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China premier arrives in Colombia as part of investment tour

China's Premier Li Keqiang, left, talks to Colombia's President Juan Manuel Santos, right, during a welcoming ceremony at the Presidential Palace in Bogota, Colombia, Thursday, May 21, 2015. Li Keqiang is in Colombia in an official two-day visit and will then tour Peru and Chile. (AP Photo/Fernando Vergara)

BOGOTA, Colombia (AP) — Chinese Premier Li Keqiang vowed to deepen economic ties with Colombia during a visit to the Andean nation Thursday as part of his four-nation South American tour aimed at boosting trade and investment.

Li is the highest-ranking Chinese official to visit Colombia since the two nations established diplomatic ties 35 years ago and his visit was hailed as historic by President Juan Manuel Santos.

In their first meeting late Thursday at the presidential palace, the two signed deals providing scholarships for 200 Colombians to study in China and mapping a development plan for the violent Colombian port city of Buenaventura where the $17 billion in annual trade between the two countries is concentrated.

Li, speaking to reporters following the meeting, said the two also discussed the possibility of initiating talks aimed at signing a free trade agreement. He also pledged $8 million in aid to help Colombia maintain the peace in war-torn rural areas if the negotiations with leftist rebels to end a half-century conflict succeed.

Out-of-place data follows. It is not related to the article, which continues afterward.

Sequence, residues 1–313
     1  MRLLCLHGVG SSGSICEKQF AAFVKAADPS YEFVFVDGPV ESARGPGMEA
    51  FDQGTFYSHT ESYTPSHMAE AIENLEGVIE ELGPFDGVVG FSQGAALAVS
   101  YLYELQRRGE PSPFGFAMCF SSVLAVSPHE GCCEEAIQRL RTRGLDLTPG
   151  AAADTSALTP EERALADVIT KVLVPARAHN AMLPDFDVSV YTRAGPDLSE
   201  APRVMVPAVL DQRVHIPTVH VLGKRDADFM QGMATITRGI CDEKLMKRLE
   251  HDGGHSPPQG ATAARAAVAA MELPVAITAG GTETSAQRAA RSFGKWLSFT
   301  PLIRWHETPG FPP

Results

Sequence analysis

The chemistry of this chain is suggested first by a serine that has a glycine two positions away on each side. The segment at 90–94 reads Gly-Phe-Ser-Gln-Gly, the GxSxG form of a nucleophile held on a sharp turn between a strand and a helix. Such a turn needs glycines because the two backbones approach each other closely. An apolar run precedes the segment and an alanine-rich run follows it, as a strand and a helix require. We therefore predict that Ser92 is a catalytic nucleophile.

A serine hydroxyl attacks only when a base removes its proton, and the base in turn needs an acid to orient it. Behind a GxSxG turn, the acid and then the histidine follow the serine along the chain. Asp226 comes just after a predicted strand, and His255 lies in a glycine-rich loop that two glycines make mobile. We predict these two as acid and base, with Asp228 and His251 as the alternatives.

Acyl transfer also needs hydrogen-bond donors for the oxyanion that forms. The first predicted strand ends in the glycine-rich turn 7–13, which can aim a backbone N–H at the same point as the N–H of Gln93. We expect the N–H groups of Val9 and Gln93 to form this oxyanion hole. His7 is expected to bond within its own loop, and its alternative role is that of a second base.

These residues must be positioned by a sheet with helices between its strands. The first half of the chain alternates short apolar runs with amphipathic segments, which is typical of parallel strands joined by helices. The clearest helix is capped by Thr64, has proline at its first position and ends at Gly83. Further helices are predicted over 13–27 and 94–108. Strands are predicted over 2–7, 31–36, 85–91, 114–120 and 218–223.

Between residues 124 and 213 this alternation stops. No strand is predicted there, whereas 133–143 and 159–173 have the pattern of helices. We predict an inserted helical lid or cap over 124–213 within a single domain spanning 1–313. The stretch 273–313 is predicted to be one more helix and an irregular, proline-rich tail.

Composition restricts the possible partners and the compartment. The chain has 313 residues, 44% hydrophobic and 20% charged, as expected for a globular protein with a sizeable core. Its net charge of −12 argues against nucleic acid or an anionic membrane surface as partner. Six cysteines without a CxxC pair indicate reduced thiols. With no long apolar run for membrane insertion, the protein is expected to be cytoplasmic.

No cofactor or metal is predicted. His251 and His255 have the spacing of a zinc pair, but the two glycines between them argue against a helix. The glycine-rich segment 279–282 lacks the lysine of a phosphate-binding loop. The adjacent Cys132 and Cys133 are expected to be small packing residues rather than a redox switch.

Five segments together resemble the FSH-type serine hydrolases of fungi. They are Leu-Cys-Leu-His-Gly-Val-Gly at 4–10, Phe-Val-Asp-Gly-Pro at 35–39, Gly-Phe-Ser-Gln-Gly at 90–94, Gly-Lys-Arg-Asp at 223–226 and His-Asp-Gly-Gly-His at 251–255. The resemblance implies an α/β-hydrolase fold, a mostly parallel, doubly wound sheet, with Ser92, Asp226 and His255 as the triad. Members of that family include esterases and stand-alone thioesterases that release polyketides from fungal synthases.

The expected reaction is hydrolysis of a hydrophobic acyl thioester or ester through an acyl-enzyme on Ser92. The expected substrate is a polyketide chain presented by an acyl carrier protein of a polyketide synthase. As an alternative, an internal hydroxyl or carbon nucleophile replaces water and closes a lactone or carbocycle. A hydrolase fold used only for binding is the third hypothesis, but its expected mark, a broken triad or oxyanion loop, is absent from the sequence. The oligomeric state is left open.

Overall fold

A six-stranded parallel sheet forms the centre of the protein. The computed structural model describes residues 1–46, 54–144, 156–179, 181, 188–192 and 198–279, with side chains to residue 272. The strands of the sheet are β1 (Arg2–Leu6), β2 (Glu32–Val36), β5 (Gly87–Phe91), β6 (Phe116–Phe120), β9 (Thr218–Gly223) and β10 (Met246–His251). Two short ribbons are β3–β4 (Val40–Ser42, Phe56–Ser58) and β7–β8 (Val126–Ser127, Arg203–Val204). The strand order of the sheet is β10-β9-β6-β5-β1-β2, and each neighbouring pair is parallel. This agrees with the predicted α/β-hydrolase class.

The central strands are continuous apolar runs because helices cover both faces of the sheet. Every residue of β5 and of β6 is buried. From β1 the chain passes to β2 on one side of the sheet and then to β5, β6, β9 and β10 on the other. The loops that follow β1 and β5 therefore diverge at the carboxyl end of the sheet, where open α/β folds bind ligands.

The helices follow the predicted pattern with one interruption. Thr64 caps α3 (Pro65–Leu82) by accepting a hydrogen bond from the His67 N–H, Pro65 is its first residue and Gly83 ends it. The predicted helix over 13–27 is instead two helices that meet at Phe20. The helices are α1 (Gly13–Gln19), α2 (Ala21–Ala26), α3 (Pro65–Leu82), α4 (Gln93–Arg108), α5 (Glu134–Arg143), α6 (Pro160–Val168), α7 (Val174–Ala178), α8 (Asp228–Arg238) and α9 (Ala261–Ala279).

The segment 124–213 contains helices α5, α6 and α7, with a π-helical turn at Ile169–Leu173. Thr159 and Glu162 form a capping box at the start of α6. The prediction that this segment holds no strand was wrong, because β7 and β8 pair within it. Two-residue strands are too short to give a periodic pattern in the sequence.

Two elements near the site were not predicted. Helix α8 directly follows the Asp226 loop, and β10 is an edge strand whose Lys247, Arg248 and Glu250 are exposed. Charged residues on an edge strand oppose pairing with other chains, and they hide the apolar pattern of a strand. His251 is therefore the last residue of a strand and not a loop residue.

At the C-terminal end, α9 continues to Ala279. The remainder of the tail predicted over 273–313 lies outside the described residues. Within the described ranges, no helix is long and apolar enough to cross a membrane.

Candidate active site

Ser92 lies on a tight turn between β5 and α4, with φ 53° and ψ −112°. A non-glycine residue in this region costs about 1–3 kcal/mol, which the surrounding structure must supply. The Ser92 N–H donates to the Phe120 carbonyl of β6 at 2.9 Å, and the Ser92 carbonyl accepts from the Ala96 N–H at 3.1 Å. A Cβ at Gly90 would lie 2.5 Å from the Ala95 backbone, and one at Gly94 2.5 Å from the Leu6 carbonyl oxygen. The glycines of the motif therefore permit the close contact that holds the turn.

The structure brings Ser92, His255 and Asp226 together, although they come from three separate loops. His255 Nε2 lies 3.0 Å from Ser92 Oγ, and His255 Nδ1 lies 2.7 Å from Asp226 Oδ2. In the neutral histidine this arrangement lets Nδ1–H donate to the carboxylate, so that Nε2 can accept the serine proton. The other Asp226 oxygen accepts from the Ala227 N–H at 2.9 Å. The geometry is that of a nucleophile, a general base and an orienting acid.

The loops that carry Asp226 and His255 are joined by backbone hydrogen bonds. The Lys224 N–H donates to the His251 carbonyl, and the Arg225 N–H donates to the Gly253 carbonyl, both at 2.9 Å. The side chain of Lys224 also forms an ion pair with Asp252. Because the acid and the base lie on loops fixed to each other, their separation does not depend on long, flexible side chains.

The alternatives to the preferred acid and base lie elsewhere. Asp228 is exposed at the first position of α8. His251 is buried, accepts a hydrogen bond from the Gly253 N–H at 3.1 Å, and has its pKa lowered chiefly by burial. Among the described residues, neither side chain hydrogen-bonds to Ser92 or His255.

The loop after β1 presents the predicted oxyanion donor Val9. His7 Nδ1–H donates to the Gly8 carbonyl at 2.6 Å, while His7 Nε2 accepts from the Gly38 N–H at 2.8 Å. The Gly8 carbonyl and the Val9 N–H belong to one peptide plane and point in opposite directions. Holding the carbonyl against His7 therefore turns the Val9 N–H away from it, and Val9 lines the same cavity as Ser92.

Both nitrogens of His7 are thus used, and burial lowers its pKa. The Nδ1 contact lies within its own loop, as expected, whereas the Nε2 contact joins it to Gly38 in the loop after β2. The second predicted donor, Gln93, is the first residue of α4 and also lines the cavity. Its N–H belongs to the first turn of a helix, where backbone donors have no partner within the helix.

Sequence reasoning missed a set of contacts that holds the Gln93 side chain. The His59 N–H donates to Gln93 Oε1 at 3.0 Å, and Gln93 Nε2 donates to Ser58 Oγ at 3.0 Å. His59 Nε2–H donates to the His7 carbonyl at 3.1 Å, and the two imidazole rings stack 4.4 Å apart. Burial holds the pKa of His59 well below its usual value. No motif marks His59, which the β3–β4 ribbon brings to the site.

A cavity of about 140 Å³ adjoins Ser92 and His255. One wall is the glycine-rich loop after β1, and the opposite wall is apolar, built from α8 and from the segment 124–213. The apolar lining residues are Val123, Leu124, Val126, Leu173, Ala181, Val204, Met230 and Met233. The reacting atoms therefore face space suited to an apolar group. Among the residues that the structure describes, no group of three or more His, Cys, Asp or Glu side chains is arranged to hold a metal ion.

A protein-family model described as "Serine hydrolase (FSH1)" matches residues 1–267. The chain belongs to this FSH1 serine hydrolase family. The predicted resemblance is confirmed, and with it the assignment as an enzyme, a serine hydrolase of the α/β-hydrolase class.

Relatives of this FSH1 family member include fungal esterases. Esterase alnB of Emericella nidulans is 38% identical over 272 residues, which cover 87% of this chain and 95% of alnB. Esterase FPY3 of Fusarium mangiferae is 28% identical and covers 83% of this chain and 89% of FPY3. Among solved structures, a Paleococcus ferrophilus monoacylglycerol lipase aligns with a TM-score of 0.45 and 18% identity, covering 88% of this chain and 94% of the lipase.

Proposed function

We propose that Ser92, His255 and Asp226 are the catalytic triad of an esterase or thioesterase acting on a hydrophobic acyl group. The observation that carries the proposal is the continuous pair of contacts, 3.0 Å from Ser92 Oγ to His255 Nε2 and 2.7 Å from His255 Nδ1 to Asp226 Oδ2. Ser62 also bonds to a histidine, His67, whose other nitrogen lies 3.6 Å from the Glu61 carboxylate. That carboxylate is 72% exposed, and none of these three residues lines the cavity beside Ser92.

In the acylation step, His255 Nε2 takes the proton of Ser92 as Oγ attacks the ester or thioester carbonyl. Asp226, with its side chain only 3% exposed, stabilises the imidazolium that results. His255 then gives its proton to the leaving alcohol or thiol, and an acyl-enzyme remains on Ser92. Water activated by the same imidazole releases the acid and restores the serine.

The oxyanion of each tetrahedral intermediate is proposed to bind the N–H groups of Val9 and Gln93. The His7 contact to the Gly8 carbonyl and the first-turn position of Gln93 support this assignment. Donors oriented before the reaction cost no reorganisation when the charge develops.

Colombia has one of the region’s most dynamic economies, with growth that last year far outpaced that of three other countries — Brazil, Chile and Peru — being visited by Li on his regional tour.

But Colombia has lagged behind its South American neighbors in expanding trade with China. In an article published Thursday in the Bogota newspaper El Tiempo, Li said trade with Colombia is just 6 percent of the Asian giant’s overall trade with Latin America.

Even so, China is Colombia’s second-biggest trading partner, the buyer of 10 percent of the country’s exports last year.

Li arrived from Brazil, where he pledged investments of $53 billion over the next six years.

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